Christopher has difficulty with his communication skills, social interaction, being touched, and behavioural issues, which according to Winter are defining features of Asperger Syndrome. Christopher is a literal person who uses his extremely logical thinking and mathematical brilliance to cope with the chaos and unpredictability of everyday life. Christopher’s use of logic and math demonstrates that people with Asperger’s can function within society. Christopher is a unique and intelligent boy, but there are many things in his life that he does not comprehend.
In chapter 3, Christopher describes how he knows all the countries in the world along with their capitals, and every prime number up to 7057 but cannot decipher facial expressions (2) or metaphors, which he sees as lies (15). In chapter 19 Christopher compares prime numbers to life, saying that “prime numbers and life are logical but you could never work out the rules, even if you spent all your time thinking about them” (12). This is a significant aspect of the approach Christopher takes to understand life through mathematics and logic.
Christopher lacks the ability to empathize or understand other’s emotions. This is evident when Ed Boone, Christopher’s father, reveals that he lied about Christopher’s mother’s death (119). Christopher does not understand the emotional turmoil that his father is going through, but concentrates on the fact that his father has lied to him and he cannot be trusted any longer. To cope with this overwhelming news, Christopher “doubles 2’s in his head until he reached 33554432” (120). To make matters worse, Ed Boone tells Christopher that he was the one who killed Wellington (120).
This sends Christopher into a downward spiral leading him to believe that “if Father can kill Wellington, he can kill me” (122). Christopher’s had been left by his wife for another man and then dumped by his new girlfriend which had left Christopher’s father in a belligerent state. Both of these misfortunes were caused because of Christopher’s disabilities. Christopher’s father loves him, and would never intentionally physically harm him. It is heart-breaking both to Ed Boone, and to the reader that the conclusion that Christopher comes up with is delusional.
Christopher’s inability to communicate and empathize with others leads to major problems with his social skills. Unlike most people, Christopher does not hristopher has very erratic behaviour in most social situations. This is most likely caused by his lack of social abilities. Christopher’s behaviour greatly affects his mother’s well-being which eventually led to her abandonment of their family. One of the letters Christopher found in his father’s closet, written by his mother describes the extent of his behaviour very well.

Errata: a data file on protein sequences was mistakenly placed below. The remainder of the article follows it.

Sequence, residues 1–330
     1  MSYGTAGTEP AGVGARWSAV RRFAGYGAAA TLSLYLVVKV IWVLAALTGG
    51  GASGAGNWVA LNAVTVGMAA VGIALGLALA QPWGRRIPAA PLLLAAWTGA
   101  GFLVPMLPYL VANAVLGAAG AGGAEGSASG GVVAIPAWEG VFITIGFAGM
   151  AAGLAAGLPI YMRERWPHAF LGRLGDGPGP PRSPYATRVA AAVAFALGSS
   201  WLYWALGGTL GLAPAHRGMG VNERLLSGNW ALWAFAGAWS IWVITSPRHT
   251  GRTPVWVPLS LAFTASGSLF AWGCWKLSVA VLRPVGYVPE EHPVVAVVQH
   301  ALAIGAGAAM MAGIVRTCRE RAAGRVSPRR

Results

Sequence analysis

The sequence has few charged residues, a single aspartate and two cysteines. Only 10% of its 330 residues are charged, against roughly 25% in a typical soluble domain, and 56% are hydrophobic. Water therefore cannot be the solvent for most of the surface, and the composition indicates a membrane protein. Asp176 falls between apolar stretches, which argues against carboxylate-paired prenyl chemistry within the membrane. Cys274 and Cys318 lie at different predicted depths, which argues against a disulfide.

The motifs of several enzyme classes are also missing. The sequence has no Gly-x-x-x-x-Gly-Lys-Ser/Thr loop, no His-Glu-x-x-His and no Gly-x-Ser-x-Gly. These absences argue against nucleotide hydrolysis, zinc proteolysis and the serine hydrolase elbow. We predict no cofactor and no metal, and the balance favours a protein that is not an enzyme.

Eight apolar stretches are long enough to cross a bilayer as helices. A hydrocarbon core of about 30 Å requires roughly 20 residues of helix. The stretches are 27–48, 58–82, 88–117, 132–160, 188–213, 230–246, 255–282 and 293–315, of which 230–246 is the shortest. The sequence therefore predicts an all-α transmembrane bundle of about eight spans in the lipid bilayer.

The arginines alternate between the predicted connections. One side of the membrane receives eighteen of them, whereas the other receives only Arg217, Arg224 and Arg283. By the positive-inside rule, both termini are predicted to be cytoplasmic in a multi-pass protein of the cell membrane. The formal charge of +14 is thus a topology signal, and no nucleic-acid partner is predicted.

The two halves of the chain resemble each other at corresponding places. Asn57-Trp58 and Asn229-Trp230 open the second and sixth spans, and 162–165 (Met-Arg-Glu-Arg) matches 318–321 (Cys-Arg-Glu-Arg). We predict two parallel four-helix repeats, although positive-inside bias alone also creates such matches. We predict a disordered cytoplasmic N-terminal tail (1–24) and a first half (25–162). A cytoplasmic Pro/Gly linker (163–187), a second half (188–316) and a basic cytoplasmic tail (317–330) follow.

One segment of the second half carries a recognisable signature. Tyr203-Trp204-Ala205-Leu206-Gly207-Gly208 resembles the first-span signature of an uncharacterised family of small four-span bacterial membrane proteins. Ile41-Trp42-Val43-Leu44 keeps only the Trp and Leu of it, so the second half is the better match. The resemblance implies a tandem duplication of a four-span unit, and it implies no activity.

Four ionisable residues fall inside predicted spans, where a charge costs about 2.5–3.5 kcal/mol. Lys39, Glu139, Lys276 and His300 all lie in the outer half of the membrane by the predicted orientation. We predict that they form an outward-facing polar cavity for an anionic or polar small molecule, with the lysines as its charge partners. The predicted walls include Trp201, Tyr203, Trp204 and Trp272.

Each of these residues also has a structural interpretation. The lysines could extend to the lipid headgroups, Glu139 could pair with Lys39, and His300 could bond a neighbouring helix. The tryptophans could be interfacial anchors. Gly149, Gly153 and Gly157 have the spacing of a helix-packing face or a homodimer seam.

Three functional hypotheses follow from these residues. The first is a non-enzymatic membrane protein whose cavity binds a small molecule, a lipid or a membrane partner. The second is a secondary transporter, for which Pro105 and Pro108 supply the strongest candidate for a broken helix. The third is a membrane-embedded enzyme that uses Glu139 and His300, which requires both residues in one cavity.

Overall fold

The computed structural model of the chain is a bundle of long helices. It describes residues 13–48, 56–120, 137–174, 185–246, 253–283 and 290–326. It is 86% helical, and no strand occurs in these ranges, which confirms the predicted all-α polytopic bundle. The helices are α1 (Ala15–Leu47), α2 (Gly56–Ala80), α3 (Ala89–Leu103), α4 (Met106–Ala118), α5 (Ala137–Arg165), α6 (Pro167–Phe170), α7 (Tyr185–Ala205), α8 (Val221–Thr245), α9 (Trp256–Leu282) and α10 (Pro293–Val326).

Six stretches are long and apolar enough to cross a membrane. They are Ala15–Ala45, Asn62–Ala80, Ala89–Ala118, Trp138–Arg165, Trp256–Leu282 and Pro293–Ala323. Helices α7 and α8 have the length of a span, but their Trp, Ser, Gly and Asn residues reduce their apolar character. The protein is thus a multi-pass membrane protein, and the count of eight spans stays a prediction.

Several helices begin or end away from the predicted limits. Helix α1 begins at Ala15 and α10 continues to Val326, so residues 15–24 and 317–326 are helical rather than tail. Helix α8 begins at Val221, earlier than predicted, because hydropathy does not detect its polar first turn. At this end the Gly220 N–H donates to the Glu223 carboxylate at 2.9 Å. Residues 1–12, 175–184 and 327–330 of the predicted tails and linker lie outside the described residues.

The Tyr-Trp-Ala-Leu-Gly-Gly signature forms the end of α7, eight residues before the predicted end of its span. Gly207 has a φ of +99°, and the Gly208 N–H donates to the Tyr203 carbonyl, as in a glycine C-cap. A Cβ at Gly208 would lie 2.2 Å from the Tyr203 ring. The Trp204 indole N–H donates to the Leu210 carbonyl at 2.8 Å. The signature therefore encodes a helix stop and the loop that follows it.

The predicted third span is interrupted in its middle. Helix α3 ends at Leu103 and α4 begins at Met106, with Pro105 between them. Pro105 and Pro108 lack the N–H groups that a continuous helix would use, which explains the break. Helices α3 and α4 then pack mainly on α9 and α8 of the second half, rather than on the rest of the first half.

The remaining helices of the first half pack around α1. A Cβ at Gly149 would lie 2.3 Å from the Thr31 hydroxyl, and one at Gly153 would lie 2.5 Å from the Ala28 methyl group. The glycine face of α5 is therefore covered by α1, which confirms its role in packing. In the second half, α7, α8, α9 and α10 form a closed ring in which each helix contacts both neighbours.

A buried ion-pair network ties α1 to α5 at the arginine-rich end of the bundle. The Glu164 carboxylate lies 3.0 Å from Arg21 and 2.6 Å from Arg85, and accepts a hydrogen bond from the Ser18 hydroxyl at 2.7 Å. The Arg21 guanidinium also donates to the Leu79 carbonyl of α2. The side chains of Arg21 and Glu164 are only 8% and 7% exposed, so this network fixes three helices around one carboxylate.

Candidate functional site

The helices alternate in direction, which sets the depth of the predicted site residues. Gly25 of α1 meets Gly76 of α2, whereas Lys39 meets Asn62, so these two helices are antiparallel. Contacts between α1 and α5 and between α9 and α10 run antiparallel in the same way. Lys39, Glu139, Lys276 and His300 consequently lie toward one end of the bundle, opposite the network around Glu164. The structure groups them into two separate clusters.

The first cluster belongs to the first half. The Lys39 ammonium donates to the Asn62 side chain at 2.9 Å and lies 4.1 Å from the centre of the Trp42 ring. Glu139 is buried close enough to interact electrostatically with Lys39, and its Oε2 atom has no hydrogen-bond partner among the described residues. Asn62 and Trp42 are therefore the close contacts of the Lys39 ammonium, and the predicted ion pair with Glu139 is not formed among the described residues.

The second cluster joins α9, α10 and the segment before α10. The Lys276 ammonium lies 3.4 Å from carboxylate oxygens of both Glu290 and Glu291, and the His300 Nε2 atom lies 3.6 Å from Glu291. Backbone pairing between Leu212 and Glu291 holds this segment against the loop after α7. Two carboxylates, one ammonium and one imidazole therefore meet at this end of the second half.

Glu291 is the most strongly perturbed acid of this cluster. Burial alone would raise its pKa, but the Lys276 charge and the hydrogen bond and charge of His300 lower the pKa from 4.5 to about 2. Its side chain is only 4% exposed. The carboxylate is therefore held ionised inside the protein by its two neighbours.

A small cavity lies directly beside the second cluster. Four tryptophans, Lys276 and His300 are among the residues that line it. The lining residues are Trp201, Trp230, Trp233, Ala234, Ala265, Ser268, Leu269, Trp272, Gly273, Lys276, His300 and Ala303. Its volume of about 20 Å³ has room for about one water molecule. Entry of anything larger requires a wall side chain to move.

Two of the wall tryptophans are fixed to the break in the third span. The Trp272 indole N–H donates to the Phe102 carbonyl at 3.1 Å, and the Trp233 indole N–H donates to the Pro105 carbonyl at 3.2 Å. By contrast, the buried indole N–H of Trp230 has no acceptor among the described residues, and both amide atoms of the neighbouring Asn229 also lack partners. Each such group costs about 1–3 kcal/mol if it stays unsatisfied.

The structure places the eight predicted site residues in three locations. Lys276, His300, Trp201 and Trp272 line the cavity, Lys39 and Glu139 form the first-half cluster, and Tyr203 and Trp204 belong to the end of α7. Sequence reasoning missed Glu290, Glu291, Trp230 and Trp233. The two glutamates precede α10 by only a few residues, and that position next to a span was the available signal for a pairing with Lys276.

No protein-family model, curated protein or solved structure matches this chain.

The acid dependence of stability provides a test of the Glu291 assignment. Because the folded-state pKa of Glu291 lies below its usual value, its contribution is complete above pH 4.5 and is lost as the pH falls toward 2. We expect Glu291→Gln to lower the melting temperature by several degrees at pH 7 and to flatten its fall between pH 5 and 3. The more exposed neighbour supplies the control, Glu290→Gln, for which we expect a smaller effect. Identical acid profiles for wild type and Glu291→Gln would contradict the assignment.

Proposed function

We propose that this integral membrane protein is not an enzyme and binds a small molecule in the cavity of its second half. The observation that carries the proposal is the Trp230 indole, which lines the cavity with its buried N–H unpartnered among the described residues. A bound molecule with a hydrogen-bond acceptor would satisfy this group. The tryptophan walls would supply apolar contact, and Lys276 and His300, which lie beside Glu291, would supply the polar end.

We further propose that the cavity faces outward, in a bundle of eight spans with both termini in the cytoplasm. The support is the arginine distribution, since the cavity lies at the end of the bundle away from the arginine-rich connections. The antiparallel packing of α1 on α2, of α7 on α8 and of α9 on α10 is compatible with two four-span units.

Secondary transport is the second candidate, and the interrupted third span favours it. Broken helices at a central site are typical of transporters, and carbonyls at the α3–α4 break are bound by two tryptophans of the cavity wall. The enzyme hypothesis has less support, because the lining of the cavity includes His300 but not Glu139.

In this letter Judy Boone, Christopher’s mother states that she is “not a good mother” and that “she is not patient enough for him” (106). She recalls a time in which the two of them went Christmas shopping and Christopher’s behaviour was irrational. Christopher had become frightened by all the people in the busy store and had decided to crouch down and cover his ears. To cope he also started screaming which embarrassed his mother greatly. (107). Another example of Christopher’s erratic behaviour was on the train ride to London. He was afraid of the public and the policeman who was trying to bring him back to his Father.
He coped with the hectic train ride by crouching in the shelves opposite the bathroom and solving quadratic equations in his head (163). To a person without Asperger Syndrome, this is a very irrational and senseless thing to do, but for Christopher it is completely logical. The Curious Incident of the Dog in the Nighttime is a very thought-provoking novel. It places the readers inside of Christopher’s mind which most likely functions very differently than theirs. Christopher has great difficulty with communicating due to the fact that he cannot understand facial expressions and social queues.
He does not understand social interaction and finds it frightening and unnecessary. His behaviour is not like other children’s, as he does not see the world around him like others do. Although Christopher is different from most children, he is also very similar in some aspects. Like most young people, Christopher has dreams and aspirations. His dream is to go to university where he will study mathematics and live on his own, and eventually get married (Haddon 45). This novel shows the reader a minuscule insight on youth with developmental disorders, Christopher’s challenges and his outstanding, yet bizarre methods of coping.